Editor's note: The following is the second of a five-part Coin
World series about collecting emergency coinage, prepared by Jeff
Starck for the March 2015 monthly edition of Coin World.
War between the Romans and Jewish resisters in Jerusalem several
centuries later forms the backdrop for another issue of emergency money.
The revolt against the Romans began in A.D. 66 and eventually led to
the destruction of the Jewish Temple in Jerusalem and the massacre of
the Jewish resisters in A.D. 70.
The final period of this bloody struggle was known as the Bar Kochba
Revolt. Simon Bar Kosiba took the name Bar Kochba, which means “Son of
a Star,” and became the commander for the Jewish forces.
As the revolt progressed, coinage was needed for use by the Jews.
Silver and bronze Roman coins were overstruck with Jewish images and
Coins were issued for five years, and are available in multiple
denominations. Expert David Hendin explores them in Guide to
Biblical Coins, now in its fifth edition.
The designs vary, though, with numerous symbols of import to the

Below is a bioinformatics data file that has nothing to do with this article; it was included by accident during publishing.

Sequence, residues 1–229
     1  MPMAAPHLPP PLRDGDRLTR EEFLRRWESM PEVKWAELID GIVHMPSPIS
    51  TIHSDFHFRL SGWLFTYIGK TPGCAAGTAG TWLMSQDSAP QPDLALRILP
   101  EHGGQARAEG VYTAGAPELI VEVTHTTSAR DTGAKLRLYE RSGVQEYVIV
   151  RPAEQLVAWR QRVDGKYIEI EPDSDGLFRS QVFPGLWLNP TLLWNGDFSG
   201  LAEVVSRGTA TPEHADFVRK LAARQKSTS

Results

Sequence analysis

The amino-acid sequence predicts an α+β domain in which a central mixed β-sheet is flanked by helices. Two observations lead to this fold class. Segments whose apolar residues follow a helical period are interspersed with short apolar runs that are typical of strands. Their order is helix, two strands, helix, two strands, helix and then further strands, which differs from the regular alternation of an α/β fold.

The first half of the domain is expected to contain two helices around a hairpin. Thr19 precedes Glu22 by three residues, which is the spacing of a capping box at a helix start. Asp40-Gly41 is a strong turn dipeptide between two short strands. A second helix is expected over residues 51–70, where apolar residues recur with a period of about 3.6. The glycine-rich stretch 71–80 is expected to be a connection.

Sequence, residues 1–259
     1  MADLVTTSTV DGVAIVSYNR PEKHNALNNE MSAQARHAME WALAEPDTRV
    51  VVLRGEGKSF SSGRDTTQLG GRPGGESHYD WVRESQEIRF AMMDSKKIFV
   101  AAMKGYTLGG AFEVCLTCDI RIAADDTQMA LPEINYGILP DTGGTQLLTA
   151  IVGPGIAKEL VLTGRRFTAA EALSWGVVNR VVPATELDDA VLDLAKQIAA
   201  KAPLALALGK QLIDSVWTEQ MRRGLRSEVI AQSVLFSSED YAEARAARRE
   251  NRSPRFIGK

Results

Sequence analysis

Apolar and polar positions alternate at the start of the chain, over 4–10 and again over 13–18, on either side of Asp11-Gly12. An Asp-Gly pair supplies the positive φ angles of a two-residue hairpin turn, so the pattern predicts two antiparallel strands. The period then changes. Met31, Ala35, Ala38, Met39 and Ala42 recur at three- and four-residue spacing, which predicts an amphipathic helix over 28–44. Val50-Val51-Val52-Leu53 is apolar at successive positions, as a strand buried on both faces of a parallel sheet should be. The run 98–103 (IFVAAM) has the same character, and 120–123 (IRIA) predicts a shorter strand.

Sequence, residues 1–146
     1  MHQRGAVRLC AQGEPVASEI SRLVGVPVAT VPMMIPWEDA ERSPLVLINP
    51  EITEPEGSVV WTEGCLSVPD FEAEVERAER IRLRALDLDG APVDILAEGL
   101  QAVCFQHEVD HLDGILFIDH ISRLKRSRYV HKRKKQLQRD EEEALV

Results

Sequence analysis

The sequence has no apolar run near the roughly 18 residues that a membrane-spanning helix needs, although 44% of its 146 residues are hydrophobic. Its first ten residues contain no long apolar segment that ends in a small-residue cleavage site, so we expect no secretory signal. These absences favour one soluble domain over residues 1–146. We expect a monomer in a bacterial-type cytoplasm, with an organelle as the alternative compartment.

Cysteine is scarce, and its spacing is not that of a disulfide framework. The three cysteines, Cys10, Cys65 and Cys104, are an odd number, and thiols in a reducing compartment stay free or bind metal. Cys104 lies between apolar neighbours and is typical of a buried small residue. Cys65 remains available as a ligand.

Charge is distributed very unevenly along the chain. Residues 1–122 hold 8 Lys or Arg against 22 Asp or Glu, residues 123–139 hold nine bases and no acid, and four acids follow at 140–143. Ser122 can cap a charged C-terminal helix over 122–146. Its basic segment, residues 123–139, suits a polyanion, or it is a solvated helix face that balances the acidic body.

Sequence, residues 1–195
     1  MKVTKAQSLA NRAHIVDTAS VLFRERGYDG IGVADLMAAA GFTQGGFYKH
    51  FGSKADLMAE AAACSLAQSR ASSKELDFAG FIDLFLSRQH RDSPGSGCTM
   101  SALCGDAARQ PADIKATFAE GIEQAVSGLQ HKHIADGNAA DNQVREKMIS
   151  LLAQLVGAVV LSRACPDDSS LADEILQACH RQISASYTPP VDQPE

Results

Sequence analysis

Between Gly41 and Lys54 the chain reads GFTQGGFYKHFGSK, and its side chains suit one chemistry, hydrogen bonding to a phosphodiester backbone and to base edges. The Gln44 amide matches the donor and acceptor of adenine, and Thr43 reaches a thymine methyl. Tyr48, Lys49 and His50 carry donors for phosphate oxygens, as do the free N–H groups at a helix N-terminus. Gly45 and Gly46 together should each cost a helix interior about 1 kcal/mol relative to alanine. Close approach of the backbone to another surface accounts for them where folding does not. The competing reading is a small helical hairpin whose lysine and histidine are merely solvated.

The silver sela or tetradrachm features what may be the most
symbolic design, the only numismatic representation of the Jerusalem
Temple, although it is unclear whether it is meant to depict the
Herodian temple destroyed by the Romans in A.D. 70 or a new temple
longed for by the messianic Shimon bar Kochba and his followers.
Many examples of Bar Kochba coinage display enough details to
determine the coin serving as the undertype or planchet for the newly
fashioned emergency money.
Examples of Bar Kochba coinage vary in price by year, denomination
and condition, from several hundred dollars to several thousand dollars.
For example, a Very Fine example of a Year 3 (circa 134 to 135 A.D.)
sela sold Oct. 30, 2014, in a Stack’s Bowers and Ponterio auction for
$6,463, including the 17.5 percent buyer’s fee.
On the other end of the price scale, nine different coins of various
dates, denominations and conditions sold Jan. 6, 2015, in the New York
Sale auction, for prices ranging from $298 to $995, including the 17
percent buyer’s fee.
When government-issued counterfeits or restruck coinage wasn’t
possible, sometimes coiners got more creative.
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